FERPA Overview

Family Educational Rights and Privacy Act of 1974 (FERPA)

FERPA is the federal law that governs the rights of students and institutional responsibilities with respect to student records. If you have any questions regarding any of the information contained herein, please contact. The Office of Enterprise Risk Management, Ethics and Compliance and University Director of Privacy at 973-972-8093 or ferparu@rutgers.edu

What is FERPA?

The Family Educational Rights and Privacy Act of 1974, commonly referred to as FERPA or the Buckley amendment, is a federal law designed to protect the privacy of a student’s educational record. FERPA applies to all educational agencies or institutions that receive federal funding for any program administered by the Secretary of Education. FERPA also applies to private entities that contract to perform services for the University that it would otherwise undertake to perform on its own; in such cases, the private entity must observe the same FERPA protections applicable to the University. FERPA grants adult students (18 and older) the following rights:

  • The right to inspect and review their educational records
  • The right to seek the amendment of their educational records
  • The right to consent to the disclosure of their educational records
  • The right to obtain a copy of their school’s Student Records Policy
  • The right to file a complaint with the FERPA Office in Washington, D.C.

FERPA Basics

  • With only a few exceptions, student educational records are considered confidential and may not be released without the written consent of the student.
  • Faculty or staff members have a responsibility to protect educational records in your possession.
  • Faculty or staff members may only access information that is needed for legitimate completion of your responsibilities as a university employee.

What is an Education Record?

"Education Records" include any information or data recorded in any medium, including but not limited to, handwriting, print, tapes, film, e-mail, microfilm, and microfiche, which is directly related to a student and maintained by the University or by a person acting for the University.

Examples of an Education Record include, but are not limited to:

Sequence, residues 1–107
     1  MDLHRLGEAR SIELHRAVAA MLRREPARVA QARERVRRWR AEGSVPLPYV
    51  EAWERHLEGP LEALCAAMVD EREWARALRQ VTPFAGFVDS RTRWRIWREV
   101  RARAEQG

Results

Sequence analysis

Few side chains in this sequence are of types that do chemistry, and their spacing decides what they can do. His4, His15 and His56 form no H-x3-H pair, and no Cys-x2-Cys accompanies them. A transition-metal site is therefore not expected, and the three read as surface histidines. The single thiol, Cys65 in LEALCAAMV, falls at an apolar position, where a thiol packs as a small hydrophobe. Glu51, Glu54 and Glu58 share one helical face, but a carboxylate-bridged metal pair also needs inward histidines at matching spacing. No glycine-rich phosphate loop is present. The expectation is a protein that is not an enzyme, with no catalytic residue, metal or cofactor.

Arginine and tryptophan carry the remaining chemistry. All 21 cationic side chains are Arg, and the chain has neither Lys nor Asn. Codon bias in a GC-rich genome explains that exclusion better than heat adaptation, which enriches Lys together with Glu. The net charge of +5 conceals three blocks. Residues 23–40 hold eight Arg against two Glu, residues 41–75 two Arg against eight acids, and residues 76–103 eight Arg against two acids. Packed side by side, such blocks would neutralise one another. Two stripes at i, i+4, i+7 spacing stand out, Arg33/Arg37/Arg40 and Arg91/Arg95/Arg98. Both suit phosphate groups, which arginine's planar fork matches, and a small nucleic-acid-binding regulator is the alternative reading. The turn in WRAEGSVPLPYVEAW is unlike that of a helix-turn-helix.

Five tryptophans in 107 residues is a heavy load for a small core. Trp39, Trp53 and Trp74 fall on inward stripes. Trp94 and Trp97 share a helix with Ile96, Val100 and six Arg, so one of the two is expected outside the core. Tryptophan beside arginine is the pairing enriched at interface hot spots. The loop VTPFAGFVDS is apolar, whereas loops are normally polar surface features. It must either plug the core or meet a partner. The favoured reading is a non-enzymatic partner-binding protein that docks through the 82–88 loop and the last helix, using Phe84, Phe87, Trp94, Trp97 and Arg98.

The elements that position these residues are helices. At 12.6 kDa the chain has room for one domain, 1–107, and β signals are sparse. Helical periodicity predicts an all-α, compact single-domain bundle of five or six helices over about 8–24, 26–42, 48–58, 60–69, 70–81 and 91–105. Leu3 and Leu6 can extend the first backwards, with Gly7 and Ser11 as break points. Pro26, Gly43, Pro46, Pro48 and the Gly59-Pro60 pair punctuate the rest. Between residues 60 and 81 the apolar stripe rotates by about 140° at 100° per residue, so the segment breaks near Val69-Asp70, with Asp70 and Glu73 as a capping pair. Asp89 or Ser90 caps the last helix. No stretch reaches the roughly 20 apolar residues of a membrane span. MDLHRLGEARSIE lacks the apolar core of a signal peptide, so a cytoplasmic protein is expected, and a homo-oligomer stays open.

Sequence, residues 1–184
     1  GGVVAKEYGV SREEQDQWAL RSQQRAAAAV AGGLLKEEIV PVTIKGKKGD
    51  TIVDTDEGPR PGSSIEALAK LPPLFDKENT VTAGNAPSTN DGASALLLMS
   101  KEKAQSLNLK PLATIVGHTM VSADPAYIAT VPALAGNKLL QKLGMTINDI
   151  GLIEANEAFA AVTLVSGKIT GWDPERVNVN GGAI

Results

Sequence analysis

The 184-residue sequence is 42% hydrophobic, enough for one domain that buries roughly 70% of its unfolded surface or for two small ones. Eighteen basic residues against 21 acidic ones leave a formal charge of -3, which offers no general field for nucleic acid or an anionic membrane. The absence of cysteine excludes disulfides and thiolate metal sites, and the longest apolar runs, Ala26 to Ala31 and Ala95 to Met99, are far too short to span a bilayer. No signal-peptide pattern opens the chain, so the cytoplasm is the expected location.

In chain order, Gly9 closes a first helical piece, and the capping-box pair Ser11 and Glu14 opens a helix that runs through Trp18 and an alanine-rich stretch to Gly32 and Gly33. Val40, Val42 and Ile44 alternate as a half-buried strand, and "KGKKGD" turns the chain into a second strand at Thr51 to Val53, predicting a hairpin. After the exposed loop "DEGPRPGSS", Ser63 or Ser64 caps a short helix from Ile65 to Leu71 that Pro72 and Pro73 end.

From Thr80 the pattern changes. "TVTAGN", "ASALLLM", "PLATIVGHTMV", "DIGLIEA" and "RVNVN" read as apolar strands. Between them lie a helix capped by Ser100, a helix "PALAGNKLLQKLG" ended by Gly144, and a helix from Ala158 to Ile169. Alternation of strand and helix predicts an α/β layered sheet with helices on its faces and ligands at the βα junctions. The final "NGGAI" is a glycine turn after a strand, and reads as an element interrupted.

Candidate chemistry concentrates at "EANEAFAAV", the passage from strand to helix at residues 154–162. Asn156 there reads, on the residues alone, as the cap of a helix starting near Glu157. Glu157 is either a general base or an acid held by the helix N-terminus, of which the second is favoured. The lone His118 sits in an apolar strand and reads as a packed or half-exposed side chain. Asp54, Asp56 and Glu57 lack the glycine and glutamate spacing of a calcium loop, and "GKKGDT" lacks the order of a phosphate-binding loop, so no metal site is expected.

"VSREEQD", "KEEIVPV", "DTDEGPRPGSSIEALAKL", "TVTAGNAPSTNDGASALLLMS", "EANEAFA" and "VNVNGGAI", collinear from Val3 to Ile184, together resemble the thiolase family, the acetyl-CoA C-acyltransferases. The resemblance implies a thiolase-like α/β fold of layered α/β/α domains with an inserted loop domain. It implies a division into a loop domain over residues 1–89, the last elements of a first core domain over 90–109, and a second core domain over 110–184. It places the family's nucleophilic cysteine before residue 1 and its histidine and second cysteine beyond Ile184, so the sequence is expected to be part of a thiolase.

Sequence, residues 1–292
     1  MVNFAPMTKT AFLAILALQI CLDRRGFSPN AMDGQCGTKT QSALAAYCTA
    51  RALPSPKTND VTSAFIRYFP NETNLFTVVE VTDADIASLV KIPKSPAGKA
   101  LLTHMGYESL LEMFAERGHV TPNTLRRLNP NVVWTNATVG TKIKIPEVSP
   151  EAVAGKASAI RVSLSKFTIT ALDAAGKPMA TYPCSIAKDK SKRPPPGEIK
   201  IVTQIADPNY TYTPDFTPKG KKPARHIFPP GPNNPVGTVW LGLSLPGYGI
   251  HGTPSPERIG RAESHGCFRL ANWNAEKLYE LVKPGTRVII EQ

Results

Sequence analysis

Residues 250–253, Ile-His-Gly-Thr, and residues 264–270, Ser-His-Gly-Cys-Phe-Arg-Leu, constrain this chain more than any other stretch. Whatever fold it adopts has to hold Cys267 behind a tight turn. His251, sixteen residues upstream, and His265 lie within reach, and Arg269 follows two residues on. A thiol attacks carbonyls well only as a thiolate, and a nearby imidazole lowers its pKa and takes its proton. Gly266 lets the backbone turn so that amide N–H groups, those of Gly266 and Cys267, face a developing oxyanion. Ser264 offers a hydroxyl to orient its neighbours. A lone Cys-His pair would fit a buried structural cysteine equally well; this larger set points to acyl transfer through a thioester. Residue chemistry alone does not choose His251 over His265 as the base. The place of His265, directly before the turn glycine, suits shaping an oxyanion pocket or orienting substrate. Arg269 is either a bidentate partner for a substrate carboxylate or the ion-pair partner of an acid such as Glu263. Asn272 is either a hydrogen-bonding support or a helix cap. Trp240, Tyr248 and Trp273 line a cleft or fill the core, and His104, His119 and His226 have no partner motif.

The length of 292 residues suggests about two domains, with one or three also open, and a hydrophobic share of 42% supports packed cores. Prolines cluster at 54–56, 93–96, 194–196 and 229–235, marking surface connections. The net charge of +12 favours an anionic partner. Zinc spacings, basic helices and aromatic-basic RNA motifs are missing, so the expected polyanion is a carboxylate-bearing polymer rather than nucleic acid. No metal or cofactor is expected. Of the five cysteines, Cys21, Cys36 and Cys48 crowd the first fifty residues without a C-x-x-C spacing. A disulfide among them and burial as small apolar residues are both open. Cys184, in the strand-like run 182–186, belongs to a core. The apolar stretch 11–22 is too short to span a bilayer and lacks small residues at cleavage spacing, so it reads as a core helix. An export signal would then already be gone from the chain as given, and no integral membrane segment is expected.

• Admissions information for students who are accepted and enrolled
  • Biographical information including date and place of birth, gender, nationality, information about race and ethnicity, and identification photographs
  • Grades, test scores, evaluations, courses taken, academic specialization and activities, and official communications regarding a student's status
  • Course work including papers and exams, class schedules, as well as written, email or recorded communications that are part of the academic process
  • Disciplinary records
  • Students' financial and financial aid records
  • Internship program records

What is NOT an Educational Record?

Education records do not include:

  • Rutgers University law enforcement records
  • Employment records when the employment is not connected to student status (e.g., a staff member who happens to be pursuing a degree at the institution, as opposed to a student employed under the work-study program)
  • Medical and mental health records used only for treatment of the student
  • Alumni records which do not relate to or contain information about the person as a student (e.g., information collected by the University pertaining to alumni accomplishments)
  • "Sole possession records" The term "sole possession records" is intended to cover memory aids or reference tools. It does not refer to records that contain information provided directly by a student or records that are used to make decisions about a student. As such, this is a very limited exception. For example, personal notes from a committee meeting recommending students for a particular program would not be considered sole possession records if they are used to make decisions about the students